I don’t reject digital printing entirely. I am already preparing to reprint Zōsan, and already have Tamaishi on Amazon, which is printed on demand, digitally. They look pretty good. But I still prefer to have this offset method for the first edition.
Offset vs. Digital: Whatchoo talkin’ bout?
Offset is a traditional method of printing used for decades. Inked text and images “transferred (or ‘offset’) from a plate … to a printing surface” (1) As with most improvements in printing techniques, it was created to make things cheaper and faster. It’s still widely appreciated that offset printing “produces sharp and clean images and type” (1) better than most alternative printing methods, because of the way the ink permeates the paper.
The downside of offset is that it’s more expensive and labor intensive for smaller print jobs like mine compared to digital. There are plates and rollers and those have to be inked and cleaned. Digital printing was created as a faster, cheaper alternative to offset and the many other printing methods that preceded it.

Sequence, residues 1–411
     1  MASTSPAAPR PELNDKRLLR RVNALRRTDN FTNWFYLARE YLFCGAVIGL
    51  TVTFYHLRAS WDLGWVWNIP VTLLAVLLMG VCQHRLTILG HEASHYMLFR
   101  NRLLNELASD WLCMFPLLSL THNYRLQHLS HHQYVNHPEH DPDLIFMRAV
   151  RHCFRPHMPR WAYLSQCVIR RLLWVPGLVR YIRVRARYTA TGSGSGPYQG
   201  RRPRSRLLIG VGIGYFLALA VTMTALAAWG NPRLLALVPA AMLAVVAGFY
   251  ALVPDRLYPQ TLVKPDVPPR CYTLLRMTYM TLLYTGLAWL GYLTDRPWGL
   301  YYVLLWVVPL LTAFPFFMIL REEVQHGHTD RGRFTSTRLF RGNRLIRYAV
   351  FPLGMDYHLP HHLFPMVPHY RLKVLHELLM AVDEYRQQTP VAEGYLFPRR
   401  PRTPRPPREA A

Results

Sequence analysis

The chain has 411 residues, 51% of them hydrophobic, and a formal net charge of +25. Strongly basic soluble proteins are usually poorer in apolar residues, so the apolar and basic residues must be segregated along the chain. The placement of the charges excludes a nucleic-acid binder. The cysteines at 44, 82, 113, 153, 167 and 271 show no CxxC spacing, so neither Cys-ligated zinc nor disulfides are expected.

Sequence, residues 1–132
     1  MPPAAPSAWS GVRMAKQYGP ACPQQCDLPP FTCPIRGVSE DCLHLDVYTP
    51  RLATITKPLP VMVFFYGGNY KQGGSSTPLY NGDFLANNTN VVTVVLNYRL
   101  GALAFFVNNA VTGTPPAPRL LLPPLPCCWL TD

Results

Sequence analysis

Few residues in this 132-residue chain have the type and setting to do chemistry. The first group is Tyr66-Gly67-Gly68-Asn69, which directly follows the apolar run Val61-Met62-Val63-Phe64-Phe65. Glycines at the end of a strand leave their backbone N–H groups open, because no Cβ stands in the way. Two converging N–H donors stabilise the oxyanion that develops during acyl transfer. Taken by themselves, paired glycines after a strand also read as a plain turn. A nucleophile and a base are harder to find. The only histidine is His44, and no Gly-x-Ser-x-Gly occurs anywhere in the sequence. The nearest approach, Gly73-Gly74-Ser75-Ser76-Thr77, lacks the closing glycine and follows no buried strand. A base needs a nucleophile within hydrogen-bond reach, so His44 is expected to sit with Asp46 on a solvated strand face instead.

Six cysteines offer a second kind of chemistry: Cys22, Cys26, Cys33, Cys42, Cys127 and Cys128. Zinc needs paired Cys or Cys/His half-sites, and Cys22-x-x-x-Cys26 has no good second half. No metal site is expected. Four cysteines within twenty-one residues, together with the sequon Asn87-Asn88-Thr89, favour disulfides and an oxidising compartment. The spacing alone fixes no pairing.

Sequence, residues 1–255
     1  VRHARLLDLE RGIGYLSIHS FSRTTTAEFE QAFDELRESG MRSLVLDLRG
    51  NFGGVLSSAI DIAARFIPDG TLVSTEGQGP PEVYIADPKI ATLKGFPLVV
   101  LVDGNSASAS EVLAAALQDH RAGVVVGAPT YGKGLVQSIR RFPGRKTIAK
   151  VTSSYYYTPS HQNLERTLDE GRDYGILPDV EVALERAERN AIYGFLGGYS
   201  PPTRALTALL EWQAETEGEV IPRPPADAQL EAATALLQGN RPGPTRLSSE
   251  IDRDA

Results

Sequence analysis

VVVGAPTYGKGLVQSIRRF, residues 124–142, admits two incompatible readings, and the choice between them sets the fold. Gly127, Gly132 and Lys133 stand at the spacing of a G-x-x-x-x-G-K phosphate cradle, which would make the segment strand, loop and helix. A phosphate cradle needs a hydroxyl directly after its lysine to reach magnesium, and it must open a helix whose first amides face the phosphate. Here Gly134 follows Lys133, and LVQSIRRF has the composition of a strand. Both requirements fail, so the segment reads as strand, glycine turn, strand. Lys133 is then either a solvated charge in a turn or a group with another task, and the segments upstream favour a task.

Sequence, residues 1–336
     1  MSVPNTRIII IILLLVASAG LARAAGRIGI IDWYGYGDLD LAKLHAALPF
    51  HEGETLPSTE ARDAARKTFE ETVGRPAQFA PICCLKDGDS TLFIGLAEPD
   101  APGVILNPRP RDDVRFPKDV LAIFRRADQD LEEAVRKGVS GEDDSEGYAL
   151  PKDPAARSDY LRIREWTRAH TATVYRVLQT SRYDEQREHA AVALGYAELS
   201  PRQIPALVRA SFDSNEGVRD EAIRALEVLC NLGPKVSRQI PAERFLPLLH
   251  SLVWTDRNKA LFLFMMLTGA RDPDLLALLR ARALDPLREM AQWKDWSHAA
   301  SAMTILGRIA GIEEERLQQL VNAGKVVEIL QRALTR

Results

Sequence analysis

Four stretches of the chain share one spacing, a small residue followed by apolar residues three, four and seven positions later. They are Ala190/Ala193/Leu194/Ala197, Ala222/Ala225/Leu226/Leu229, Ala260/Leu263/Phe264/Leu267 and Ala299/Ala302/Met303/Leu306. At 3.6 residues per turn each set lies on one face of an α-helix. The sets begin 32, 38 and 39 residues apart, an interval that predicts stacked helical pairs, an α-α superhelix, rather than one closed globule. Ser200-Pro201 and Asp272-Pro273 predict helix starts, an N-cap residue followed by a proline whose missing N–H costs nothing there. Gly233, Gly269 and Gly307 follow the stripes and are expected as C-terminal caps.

Without getting into too much detail, full color images are printed by a 4-color process using Cyan (C), Magenta (M), Yellow (Y) and Black (K). These four colors along with a process called “half toning” (printing with tiny patterns of dots) can produce colors outside of the original four. It’s an illusion, actually, just like this picture below:
Digital printing has clear advantages: it doesn’t use plates, is cheaper, less labor intensive, and has faster turnaround times. You can print as little as one print — though most commercial printers have minimum orders on things like books. Most digital methods, however, “forms a thin layer on the surface that may be additional adhered to the substrate by using a fuser fluid” (1) In other words, digital printing uses toner — a fine plastic powder, melted and fused onto the surface of paper with heat. This process dictates the kinds of paper you can use — not all papers can be used on a digital process.
Toner on paper has a kind of dull, flat and lifeless look to it to me. It covers the paper stock so you can no longer see and appreciate it. Ink in the paper bleeds a bit through absorption, has a quality akin to the sound of an analog recording vs. digital. The texture of the paper is retained.